Parts of Phnom Penh came to a standstill Sunday as security forces closed off major and minor roads with razor wire and metal barriers and at one point even denied an ambulance access to a local children’s hospital.
The measures were put in place for the first day of the opposition CNRP’s planned three-day demonstrations against contested election results. The barricades were deployed across the city, including multiple spots along Sisowath Quay and Norodom Boulevard, the roads around the Royal Palace, every road connected to the Independence Monument area and every road linking Norodom Boulevard to Street 51.
Pol Sam Oun, a police officer stationed at a major roadblock on the corner of Norodom Boulevard and Street 294, said orders had been given to roll out the barricades to facilitate smooth access for demonstrators to Freedom Park, where the CNRP had planned a three-day camp-in.
“We blocked the road to stop the protesters going onto different streets. If we open all of the roads, it would be anarchy—that’s why we do this, it’s to help get them to Freedom Park and so there are no traffic jams,” he said.
But people around Phnom Penh on Sunday said the measures had the opposite effect on traffic, blocking many from reaching their homes, schools and offices.
Sok Any, a 25-year-old English student at Pannasastra University, said she had been trapped in the city center for most of the morning waiting for a way home.
“In the morning it was easy to get there, I left at 6:30 a.m. and got there at 7:30 a.m., but my school was closed,” she said. “Now every road seems to be closed, and I can’t get back home to Tuol Tompong.”
At about 12:30 p.m. in front of Wat Ounalom, demonstrators following opposition president Sam Rainsy and his deputy, Kem Sokha, overwhelmed one of the barricades resulting in riot police retreating to a safer distance near Street 240.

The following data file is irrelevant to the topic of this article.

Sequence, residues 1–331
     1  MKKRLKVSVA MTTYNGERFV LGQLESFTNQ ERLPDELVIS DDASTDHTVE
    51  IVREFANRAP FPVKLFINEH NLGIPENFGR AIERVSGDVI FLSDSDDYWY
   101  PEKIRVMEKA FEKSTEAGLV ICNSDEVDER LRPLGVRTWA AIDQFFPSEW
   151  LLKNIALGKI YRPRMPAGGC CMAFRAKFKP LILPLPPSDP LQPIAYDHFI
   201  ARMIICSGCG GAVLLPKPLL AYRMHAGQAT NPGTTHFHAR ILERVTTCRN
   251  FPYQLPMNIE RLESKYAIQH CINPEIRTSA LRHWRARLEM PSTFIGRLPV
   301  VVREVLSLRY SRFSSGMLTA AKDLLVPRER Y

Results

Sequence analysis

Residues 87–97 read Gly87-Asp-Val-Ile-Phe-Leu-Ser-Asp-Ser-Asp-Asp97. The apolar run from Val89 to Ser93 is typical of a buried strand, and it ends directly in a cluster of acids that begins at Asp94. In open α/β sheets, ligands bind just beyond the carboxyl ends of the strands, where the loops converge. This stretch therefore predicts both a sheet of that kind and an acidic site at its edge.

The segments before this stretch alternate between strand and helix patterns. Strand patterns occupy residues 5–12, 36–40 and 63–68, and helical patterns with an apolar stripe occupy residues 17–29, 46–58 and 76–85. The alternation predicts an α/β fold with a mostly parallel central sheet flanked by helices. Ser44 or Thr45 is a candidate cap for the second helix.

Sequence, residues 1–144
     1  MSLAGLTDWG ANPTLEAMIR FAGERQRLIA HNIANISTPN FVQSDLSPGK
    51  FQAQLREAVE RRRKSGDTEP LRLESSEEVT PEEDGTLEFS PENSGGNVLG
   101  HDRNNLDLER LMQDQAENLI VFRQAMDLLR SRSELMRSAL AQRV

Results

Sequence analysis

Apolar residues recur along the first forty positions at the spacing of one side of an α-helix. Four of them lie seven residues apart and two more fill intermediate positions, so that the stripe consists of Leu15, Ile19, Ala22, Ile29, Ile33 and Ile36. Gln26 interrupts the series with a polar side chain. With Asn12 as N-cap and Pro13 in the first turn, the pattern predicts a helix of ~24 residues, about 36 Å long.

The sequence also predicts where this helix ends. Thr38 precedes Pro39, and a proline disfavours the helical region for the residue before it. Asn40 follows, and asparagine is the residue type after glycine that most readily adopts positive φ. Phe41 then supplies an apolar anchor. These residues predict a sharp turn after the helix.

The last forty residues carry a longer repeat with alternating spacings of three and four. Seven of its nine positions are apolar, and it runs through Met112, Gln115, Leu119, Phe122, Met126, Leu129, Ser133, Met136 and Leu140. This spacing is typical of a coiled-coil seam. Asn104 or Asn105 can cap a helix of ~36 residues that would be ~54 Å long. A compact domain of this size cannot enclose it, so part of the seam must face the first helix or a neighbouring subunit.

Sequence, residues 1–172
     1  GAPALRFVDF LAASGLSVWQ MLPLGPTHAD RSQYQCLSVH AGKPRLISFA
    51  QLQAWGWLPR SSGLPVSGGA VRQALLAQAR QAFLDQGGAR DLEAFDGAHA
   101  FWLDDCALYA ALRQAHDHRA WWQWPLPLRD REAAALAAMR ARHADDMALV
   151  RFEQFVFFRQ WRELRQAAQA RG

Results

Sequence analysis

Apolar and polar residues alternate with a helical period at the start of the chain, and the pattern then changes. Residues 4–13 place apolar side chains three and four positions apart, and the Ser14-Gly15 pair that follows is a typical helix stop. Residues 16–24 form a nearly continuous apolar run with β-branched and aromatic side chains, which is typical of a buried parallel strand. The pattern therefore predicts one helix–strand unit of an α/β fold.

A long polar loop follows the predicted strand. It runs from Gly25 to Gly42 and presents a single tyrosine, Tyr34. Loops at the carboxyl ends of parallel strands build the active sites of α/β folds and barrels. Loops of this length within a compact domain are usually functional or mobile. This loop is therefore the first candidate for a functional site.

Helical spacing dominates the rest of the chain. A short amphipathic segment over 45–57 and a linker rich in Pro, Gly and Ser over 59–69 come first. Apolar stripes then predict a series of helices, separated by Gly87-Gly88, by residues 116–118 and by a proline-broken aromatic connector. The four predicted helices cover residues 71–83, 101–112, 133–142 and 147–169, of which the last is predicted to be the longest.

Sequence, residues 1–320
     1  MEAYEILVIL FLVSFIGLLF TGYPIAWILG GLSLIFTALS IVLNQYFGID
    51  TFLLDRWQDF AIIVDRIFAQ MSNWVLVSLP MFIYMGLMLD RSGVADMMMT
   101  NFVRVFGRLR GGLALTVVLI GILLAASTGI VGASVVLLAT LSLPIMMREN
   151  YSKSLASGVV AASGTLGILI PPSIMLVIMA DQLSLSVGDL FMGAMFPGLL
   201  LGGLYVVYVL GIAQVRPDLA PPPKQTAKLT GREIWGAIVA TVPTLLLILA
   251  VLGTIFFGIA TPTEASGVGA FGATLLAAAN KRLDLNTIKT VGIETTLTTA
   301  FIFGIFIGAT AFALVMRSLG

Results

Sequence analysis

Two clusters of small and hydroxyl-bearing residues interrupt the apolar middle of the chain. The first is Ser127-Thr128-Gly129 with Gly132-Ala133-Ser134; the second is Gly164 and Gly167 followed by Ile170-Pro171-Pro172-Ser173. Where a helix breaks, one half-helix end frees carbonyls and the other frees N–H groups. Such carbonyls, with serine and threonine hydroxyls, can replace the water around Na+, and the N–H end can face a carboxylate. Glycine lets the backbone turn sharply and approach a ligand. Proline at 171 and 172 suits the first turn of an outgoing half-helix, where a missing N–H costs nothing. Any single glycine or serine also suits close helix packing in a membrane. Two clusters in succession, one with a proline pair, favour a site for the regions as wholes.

“They walked into the river, came around and lifted it up from behind. We tried to stop them, but we could not and now it’s bro- ken,” said penal police officer Nuon Samuth.
As military police worked on reinforcing the barricade, demonstrators taunted the police.
“You need to bring another car [of military police] to stop us,” one man shouted.
“They cannot bring it here, because it’s burning in Meanchey district,” another protester exclaimed.
Two hours earlier, panicked military police had run up the riverfront tourist strip, exhorting shop owners to pull the shutters down over their shops. “It’s a big problem: No customers, no money,” one store owner on Sisowath Quay said, predicting losses of about $200 during the course of the day.
“They ran up to us telling us they were scared there would be thieves,” he explained.
The Akreiksat ferry port connecting Phnom Penh to Kandal province, which lies near Koh Pich, was also forced closed Sunday, with a security guard at the port saying it had been closed since 6 a.m. and had no immediate plans to reopen.
A group of people waiting at the port said that they were hoping to go home to Svay Chrum in Kandal province, and would now have to go via the Chroy Changva bridge.
But a 35-year-old man, who gave his name only as Saron, quickly dashed those hopes.
“I want to go to Svay Chrum too,” he said. “But I do not know what to do. I already went to Chroy Changva, but they had closed that road too. It’s making it hard for us to get home, I may have to sleep at my workplace.”
Commuters were not the only people who complained of being completely cut off from their destinations.
An ambulance transporting children was stopped at a roadblock near Wat Ounalom in Daun Penh district for about 20 minutes, before turning around and heading back to the oversaturated hospital it had departed from.
Kantha Bopha hospital director Denis Laurent said that hospital staff regularly transport 50 to 60 sick children from Kantha Bopha 2 near Wat Phnom to Kantha Bopha 4 at the Royal Palace—which has 200 more beds.
“Today, we tried to transfer six or eight children to Kantha Bopha 2, but it was not possible. The ambulance was blocked—they wouldn’t let it through—and the driver decided to go back to Kantha Bopha 4 near Wat Phnom,” he said.
“They are now hospitalized there. The most important part is to have the children in the hospital,” he added.
Military police spokesman Kheng Tito said that ambulances were “not supposed to be” in that area and denied that police patrolling barricades would have blocked the ambulance from passing.
“We allow them to enter. We never stop the ambulance be- cause they are the most important,” he said. “The ambulance [chose] not to enter by itself—they might have been afraid, and they did not want to enter.”
Mr. Tito said that the barricades would remain in place until demonstrations ended and that people living and commuting in Phnom Penh “have to under- stand about the importance of security and public order.”
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